Jessica Ching, Product Realization Group’s Chief Marketing Officer, was featured as a panelist for an event with the Biomedical Engineering Society at Santa Clara University. Andy Switky, Founder of Code Name Collective and Lecturer in Mechanical Engineering at Stanford University, was also featured.
What happens when you introduce a product without a tested and proven use case? Google Glass was an example of a product in search of a market that wanted and needed it. Google assumed many medical uses for the product when it was launched, such as doctors using visual overlays during surgeries. However, Google Glass failed in the marketplace. In 2016, one of the only medical applications Andy heard about for Google Glass was doctors using it as a transcription service.
A name brand behind a product does not ensure a product’s success. The name brand doesn’t replace customer research and testing. As Jessica points out, even if Google had found an application for Google Glass, they still needed to complete a competitive analysis. That analysis includes talking to customers, looking at what’s already on the market, what’s on the way, if there is something simpler, if there something cheaper or more accessible, or something further along in development?
According to Jessica, the starting point for a customer solution should be a Marketing Requirements Document (“MRD”), not the technology. As Andy explained it, Google Glass was a lot of engineering without this research.
Both Andy and Jessica agreed that it is often difficult to understand the patient/customer perspective. These are a few of the methods they use to research and investigate customer input for new products:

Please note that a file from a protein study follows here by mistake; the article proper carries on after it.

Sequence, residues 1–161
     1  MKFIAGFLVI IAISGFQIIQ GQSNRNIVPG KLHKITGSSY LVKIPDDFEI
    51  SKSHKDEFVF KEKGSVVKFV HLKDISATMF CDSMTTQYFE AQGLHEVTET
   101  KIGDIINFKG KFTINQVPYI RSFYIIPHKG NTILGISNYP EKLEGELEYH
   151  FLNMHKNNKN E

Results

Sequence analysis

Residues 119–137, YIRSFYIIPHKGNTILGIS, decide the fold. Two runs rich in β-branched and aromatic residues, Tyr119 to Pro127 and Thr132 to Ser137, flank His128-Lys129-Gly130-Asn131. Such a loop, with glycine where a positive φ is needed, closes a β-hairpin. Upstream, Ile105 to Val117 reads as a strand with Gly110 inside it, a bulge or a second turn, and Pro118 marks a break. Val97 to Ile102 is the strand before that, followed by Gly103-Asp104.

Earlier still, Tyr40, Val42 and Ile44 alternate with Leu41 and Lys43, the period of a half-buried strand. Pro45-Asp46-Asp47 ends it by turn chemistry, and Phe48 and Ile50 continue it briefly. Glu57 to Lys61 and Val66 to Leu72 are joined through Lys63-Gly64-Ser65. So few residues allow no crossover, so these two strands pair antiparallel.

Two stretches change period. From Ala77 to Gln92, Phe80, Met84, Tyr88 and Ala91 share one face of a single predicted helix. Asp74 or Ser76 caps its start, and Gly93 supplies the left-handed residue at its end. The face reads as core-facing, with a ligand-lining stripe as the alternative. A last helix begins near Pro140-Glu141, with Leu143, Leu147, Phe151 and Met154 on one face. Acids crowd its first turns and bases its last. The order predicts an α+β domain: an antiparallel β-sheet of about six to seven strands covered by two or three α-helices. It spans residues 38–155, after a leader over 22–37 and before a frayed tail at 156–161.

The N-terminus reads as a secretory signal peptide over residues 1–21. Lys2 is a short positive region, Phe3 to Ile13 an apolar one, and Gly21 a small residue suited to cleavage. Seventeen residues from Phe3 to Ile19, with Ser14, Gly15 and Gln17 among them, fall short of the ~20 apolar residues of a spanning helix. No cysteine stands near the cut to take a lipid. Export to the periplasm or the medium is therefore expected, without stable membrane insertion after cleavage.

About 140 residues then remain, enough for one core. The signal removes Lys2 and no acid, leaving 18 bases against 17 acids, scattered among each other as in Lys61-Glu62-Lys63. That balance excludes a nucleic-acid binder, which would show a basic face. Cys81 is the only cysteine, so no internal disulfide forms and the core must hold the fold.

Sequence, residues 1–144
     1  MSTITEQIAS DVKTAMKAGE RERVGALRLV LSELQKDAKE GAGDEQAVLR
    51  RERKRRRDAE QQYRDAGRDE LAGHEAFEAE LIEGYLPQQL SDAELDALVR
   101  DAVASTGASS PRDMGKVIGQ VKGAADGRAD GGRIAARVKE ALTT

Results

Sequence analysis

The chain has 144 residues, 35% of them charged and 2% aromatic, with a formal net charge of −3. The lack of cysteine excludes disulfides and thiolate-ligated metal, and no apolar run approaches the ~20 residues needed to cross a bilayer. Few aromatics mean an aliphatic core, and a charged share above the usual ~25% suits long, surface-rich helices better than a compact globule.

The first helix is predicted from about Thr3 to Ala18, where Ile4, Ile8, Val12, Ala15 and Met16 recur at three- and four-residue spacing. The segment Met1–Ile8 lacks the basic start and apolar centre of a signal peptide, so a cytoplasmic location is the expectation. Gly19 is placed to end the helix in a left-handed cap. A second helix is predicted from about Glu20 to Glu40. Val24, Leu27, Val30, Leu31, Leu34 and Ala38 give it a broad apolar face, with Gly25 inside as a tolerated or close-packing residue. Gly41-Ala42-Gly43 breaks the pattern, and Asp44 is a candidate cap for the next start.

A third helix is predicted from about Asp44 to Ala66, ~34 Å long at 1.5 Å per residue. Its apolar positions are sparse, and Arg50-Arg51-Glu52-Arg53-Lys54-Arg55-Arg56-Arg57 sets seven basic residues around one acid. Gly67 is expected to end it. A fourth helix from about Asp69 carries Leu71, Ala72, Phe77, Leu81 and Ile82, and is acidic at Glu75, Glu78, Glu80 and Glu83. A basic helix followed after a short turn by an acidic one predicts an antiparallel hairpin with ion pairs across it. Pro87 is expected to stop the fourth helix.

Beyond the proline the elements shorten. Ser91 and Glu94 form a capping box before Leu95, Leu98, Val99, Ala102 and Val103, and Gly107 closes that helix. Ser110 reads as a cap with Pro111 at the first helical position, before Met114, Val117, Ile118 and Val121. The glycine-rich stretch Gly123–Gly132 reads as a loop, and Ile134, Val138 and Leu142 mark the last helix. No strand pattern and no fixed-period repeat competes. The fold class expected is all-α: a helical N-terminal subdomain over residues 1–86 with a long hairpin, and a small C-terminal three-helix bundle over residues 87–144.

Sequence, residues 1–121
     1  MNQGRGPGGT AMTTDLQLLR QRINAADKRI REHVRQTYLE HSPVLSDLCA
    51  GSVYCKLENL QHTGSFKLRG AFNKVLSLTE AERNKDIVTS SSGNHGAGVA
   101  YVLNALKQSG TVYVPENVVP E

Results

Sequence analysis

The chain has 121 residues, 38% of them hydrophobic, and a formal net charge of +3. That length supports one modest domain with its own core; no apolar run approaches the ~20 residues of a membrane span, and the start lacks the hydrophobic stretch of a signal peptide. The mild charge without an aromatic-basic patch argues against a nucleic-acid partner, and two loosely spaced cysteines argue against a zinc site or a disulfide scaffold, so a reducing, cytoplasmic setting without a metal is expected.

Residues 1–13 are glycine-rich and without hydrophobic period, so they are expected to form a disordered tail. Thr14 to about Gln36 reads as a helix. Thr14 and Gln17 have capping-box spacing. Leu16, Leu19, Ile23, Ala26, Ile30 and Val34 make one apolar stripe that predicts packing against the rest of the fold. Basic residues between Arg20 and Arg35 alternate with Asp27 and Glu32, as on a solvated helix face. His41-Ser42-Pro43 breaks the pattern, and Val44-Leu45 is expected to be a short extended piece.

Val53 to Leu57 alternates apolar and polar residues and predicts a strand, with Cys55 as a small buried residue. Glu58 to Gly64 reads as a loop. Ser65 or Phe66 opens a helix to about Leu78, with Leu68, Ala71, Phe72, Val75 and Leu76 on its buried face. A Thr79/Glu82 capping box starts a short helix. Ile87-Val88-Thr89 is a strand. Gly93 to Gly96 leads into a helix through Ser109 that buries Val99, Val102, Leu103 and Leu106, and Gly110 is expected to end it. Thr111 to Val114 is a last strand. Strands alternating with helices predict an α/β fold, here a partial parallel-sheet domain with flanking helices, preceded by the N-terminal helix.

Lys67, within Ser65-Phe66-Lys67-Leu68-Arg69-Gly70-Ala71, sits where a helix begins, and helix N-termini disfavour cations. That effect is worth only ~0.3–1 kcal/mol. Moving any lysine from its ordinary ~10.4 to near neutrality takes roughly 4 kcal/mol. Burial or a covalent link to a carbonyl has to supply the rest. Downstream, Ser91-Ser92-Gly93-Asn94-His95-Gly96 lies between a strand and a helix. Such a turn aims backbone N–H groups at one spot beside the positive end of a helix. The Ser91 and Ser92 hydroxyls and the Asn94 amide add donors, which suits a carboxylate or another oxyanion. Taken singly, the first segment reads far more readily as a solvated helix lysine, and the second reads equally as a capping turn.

- Analogous Research: Andy recommends using analogous research, that is, look at similar industries for similar experiences. For example, in a project that was examining medical diagnosis over the phone, Andy looked into customers’ experiences with phone psychics.
- Analogous Product Models: When looking for solutions for the prescription drug delivery services, Andy looked at how the cannabis dispensaries were building delivery models and the smart phone apps that they used.
- New Customer Support Employees: For information about pain points that the customer is experiencing, Jessica recommends talking to new customer support employees. A new employee is less likely to filter the customer feedback they get and be more candid with you.
- Build Early Product Prototypes: Andy recommends using early prototypes to gather customer data and research about the product.
It is challenging to fully understand customer needs for medical products. As a developer, it is not easy to put yourself in the position of the patient-user. Market research, customer interviews, surveys, testing, and prototypes are tools that the development team can continuously use to understand the user viewpoint and create the right product for the market at the right time.